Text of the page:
I wanted to do a comic this long because I didn't feel I would be able to tell a full story without this length. I wrote the story I wanted to write and that was the length that story turned out to be. But it was interesting how I had to tweak bits as I went in order to fit them into panels because of size/spacing. I had to let the perfectionism go and settle for mediocrity. And now that the end of the quarter is approaching, I'm thinking of condensing some pages, just to make it manageable. The good news is that many of the pages that are left will be quicker ones. Some pages only take like 45 minutes, as opposed to 3 hours. It's depressing to think that the 3 hours of effort I put into certain pages will be finished by the reader in less than a minute. I definitely have newfound respect for comic artists, and I will definitely be spending longer on each page from now on, absorbing all the details, because I know now just how much effort went into each one of those details. But I mostly have 45-minute ones left.

Oh God I am so tired.
So . . . not done yet, but also about 2/3 of the way there; I think the most annoying part of the whole process so far has been wrestling with Google Page Maker. (Damn you, Google!)

Anyways, here is where my story begins, and it gets through four acts; the fifth act will be going up tomorrow, and hopefully by Tuesday I'll also have wrestled dlog into submission.

What I wanted to do in this project was explore the interaction between texts, between writers and the things they read and how people can take what they've read and turn it into something new. I don't know if I've succeeded in getting that across, but I feel like in the process of writing things, and writing over things, and stealing lines and references from Shakespeare plays, I've learned a lot about it myself.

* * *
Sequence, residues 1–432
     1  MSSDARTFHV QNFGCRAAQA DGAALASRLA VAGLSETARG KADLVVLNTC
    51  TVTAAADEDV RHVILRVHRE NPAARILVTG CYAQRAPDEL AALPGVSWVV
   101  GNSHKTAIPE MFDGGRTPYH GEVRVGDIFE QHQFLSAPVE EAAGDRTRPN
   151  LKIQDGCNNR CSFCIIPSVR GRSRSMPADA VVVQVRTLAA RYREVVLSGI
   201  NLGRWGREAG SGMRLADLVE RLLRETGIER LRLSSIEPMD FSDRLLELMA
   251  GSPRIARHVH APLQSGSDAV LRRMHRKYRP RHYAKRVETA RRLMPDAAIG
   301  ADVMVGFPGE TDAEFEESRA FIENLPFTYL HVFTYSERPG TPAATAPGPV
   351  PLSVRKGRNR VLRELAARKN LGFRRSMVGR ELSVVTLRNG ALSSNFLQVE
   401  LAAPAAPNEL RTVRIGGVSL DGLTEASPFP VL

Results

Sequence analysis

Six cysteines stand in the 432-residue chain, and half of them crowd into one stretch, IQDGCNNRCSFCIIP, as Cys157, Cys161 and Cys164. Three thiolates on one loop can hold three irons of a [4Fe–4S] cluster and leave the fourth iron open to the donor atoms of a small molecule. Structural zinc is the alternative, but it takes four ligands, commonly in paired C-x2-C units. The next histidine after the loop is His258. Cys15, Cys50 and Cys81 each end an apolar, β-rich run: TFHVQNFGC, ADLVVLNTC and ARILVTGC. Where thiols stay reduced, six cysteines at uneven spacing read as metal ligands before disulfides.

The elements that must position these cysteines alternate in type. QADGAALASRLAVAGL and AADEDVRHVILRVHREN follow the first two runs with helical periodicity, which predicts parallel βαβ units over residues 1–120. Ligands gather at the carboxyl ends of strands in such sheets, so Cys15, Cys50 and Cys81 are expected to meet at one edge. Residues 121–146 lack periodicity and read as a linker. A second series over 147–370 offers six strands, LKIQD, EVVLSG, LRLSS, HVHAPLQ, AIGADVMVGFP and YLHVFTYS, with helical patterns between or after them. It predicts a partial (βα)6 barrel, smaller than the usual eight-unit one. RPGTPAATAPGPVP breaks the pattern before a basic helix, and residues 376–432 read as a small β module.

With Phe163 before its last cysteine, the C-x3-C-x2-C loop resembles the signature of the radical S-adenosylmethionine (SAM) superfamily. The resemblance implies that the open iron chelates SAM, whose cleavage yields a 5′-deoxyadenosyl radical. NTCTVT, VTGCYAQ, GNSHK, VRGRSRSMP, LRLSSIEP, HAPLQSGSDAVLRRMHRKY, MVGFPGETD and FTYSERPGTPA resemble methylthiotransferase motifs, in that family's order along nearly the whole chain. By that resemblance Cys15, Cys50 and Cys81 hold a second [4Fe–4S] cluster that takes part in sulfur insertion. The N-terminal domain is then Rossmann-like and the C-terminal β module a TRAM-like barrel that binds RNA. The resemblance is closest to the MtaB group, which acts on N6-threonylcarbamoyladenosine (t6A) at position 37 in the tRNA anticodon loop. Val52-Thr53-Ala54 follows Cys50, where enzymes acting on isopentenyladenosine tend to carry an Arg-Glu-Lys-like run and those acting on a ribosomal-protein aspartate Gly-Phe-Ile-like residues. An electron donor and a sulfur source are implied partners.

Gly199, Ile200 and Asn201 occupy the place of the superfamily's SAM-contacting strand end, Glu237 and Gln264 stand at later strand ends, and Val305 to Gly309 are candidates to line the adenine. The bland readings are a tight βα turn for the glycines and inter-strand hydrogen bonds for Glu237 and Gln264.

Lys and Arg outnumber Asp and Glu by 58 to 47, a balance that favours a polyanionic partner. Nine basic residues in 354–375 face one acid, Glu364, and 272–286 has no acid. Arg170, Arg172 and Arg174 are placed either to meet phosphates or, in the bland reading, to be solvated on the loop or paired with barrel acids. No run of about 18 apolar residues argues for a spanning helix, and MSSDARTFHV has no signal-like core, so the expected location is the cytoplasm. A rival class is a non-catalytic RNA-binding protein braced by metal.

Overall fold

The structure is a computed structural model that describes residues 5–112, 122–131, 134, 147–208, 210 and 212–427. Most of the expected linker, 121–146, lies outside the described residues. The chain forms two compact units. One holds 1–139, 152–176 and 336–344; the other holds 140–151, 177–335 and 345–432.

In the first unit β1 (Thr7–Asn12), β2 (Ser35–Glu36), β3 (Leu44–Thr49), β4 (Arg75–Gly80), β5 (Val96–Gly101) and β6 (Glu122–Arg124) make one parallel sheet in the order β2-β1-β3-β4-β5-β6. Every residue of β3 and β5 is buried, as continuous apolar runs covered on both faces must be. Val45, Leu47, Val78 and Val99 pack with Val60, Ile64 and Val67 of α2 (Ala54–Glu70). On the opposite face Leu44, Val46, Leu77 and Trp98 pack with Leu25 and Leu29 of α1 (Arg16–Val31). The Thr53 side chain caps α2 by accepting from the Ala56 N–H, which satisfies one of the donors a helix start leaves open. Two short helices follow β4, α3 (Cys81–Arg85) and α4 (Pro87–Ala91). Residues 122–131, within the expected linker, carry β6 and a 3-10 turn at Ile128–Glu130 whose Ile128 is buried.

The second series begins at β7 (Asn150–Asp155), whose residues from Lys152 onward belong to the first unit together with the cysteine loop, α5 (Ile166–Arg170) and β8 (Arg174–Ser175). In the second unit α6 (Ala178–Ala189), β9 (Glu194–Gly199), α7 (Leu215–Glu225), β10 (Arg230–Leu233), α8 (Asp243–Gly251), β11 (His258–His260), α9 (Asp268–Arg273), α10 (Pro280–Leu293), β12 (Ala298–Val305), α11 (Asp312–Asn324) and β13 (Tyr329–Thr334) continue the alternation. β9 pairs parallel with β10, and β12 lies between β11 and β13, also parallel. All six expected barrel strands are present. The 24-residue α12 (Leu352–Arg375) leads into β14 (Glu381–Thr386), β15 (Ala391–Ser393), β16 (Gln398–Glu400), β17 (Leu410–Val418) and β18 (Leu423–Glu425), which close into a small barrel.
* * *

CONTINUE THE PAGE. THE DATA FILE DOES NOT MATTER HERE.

I also have iambic pentameter pretty much drilled into my brain, but that's another story.

Liar's Eve

Hey gangalang, enjoy the link.

If I had to compare my process to anything, it would be the lonely teen going through the school phone directory and calling every girl he knows to try and score a date to the big dance. But, you know, it's like too late and almost everyone has dates, and those who don't have already resigned themselves to not going and never considered the lonely teen as an option and aren't prepared to now. What I mean to say is that I wildly overestimated the interest of others in this little project. Moreover, my go-to funny people all write the Chappie with me, and we put out two issues in the past nine days, so I was in no position to ask anything of them.

Maybe I took the wrong tack. Maybe instead of approaching funny people, I should have gone after the Stanford Roleplayers. But this teen isn't that lonely, and I think it would only be a matter of time before they were requiring attack rolls and saving throws in fictional bounty hunter hand-to-hand accounts.

Excuses excuses! BUT, the unfortunate timing of this assignment is what has convinced me to keep it going. I just signed a three-month lease on this lamentable URL, so I will keep playing with it and see if any new ideas for it come to light.

In terms of my writing process, I pick a character and formulate an opinion or anecdote about him. I keep a list of all my characters beside me and then think about what they would say to what I have just posted. It's as straight-forward as can be, and more spontaneous than I would like actually. I feel like the spontaneity is making it too homogeneous. That's been a tough part: striking that balance between the groupthink of a dedicated community of bounty hunters and the individual differences of opinion that Internet discourse so readily exposes.